So last week I choked up some cash, took a day off and went to an open seminar on Women and Pornography over at Sunderland University. Apart from the excitement of catching a glimpse of a couple of never-seen-before northern cities (or is Sunderland a town?), I was pretty excited about the speakers and potential for really honest, open discussion. I don't know; when you know you've got hardcore anti-porns present, you're always on your guard, always having to backpeddle and clarify, often self-censoring to some extent. And there was none of that. Perhaps the lack of speakers with opposing views, again, kept people away, but anyway, debating whether porn should exist wasn't the point of the seminar.
I was supposed to meet DemRed of Backlash up there, but in the end she couldn't make it, so I prepared and reminded myself of a few word-for-word details of the 'extreme' porn proposals. I get tongue-tied sometimes and forget details in any kind of public speaking context, so I'm pretty glad I did.
It's quite nerveracking - walking into a place where you feel like a beginner in this game, like you don't quite know the language and will make obvious blundering errors that you know will show you off to be the tourist you are. But actually, it's easy to get over that in the company of 'fun' feminist academics, because they're often as informal as you about these things.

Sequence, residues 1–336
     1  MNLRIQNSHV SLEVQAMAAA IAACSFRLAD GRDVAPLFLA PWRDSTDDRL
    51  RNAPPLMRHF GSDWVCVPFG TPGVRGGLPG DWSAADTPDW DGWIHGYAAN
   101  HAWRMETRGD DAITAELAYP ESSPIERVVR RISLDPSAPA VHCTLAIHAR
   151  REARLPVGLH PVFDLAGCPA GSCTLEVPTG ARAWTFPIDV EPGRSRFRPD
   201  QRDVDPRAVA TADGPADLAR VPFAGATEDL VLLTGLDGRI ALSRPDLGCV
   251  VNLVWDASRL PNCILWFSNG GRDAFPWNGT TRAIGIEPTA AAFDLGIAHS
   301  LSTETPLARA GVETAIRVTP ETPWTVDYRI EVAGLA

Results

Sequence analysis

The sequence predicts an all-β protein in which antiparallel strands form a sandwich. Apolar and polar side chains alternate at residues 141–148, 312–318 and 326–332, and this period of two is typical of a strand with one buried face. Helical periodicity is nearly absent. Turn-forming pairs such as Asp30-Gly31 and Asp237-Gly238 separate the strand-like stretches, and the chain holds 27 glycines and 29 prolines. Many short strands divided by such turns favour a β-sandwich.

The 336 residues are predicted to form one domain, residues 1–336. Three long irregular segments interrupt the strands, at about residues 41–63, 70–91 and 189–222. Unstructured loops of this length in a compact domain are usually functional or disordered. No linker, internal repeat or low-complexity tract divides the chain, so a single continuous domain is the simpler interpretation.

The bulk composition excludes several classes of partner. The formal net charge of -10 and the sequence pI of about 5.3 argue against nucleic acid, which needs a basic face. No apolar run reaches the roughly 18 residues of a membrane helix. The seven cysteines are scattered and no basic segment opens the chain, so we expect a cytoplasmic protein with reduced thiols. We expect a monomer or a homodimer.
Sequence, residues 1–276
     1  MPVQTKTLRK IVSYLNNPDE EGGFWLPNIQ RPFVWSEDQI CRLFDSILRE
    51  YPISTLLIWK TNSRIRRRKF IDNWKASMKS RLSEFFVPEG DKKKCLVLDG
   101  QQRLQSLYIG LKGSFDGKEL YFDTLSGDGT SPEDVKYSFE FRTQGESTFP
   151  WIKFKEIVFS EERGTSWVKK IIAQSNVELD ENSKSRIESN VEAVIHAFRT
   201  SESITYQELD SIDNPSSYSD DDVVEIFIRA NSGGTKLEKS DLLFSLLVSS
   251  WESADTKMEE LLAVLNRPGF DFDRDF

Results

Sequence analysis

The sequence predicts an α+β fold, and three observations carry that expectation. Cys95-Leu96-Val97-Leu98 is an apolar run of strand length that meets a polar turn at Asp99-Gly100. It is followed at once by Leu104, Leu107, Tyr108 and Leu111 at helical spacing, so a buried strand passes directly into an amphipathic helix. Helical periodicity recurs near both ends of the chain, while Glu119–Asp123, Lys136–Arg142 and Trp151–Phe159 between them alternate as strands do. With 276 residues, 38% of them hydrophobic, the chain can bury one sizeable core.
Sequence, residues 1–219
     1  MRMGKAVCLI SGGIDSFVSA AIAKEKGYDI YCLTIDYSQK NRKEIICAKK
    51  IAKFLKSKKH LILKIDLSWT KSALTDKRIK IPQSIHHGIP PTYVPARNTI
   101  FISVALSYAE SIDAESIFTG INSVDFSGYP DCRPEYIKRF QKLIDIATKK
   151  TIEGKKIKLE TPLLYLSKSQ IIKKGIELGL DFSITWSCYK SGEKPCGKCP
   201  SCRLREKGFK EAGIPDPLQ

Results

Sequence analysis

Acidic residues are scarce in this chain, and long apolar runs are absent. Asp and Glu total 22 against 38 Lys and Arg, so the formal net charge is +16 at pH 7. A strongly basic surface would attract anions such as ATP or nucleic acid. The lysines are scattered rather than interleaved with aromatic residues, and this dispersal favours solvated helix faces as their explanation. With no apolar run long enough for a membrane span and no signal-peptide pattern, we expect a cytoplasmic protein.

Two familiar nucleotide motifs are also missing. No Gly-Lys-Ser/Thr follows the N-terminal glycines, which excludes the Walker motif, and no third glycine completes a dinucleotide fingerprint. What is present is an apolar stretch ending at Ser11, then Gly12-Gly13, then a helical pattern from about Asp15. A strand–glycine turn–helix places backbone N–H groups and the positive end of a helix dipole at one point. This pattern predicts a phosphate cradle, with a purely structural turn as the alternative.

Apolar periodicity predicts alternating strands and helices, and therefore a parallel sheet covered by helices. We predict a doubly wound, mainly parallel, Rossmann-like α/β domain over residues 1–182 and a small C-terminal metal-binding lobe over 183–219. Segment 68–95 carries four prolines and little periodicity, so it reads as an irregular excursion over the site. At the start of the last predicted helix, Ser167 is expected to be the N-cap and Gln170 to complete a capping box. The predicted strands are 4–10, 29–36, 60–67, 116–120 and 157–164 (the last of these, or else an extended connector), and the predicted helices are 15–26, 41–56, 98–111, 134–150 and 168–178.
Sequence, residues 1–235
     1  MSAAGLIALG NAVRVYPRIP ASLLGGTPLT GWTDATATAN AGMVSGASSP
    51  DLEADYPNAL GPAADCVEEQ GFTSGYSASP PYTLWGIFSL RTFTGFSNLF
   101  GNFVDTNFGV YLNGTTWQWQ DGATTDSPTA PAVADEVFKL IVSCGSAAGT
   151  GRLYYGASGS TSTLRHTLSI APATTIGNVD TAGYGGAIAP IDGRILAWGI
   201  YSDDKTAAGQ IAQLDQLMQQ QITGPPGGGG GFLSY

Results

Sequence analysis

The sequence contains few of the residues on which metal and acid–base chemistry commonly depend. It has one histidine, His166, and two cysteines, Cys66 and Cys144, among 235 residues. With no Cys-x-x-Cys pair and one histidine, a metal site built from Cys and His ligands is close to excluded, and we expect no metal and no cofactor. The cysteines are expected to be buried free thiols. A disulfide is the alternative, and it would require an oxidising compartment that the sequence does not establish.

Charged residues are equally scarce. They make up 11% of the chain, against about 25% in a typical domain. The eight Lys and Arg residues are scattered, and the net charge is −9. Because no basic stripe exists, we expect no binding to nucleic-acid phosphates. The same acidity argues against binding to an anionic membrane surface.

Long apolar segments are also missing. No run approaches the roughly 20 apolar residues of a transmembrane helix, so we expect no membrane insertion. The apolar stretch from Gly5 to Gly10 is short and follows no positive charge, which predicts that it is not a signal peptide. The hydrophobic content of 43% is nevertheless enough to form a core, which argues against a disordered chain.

Plus, there were only twenty of us, or a few less, so it's hard to feel the same way I've done when asking what are probably dumbass questions in a huge auditorium.
The other thing that confused me was realising it was going to be a women-only space. I didn't really get that. If you're going to try and educate a male-dominated industry into budging a few inches, wouldn't it be good to have a few men in the room?
Anyway, it was hosted by Clarissa Smith, who caught me just as I was going to sneak off for a slightly illegal roll up round the corner, and was incredibly welcoming to me throughout the whole thing.
So we got the whole Backlash bit over with and I could relax. Most people there had been following the campaign to some degree and knew what we were about, so there weren't many questions, and I got a chance to talk about certain aspects of the legislation to prosecute against possession when it was relevant. All the talks prompted me to think more about what could/could not be perceived as 'serious violence' whether consensual or not. The law has not yet, as far as I'm aware, been passed. Though sometimes they slip these things through, apparently. So we shall see.
Feona Attwood presented her research on alt and independent porn. A few sites have been perved through. Mmm. A lot of stuff I knew about, and some I didn't. She talked about how many of the sites like nofauxxx or bellavendetta have proper manifestos of a kind - an aim to disrupt and transgress in some way. In some ways, I agreed with her, perhaps it's sad these pornmakers are putting out disclaimers about their work. Why is it necessary to spell out their politics when it's quite often obvious what their aim is in the imagery you see them use?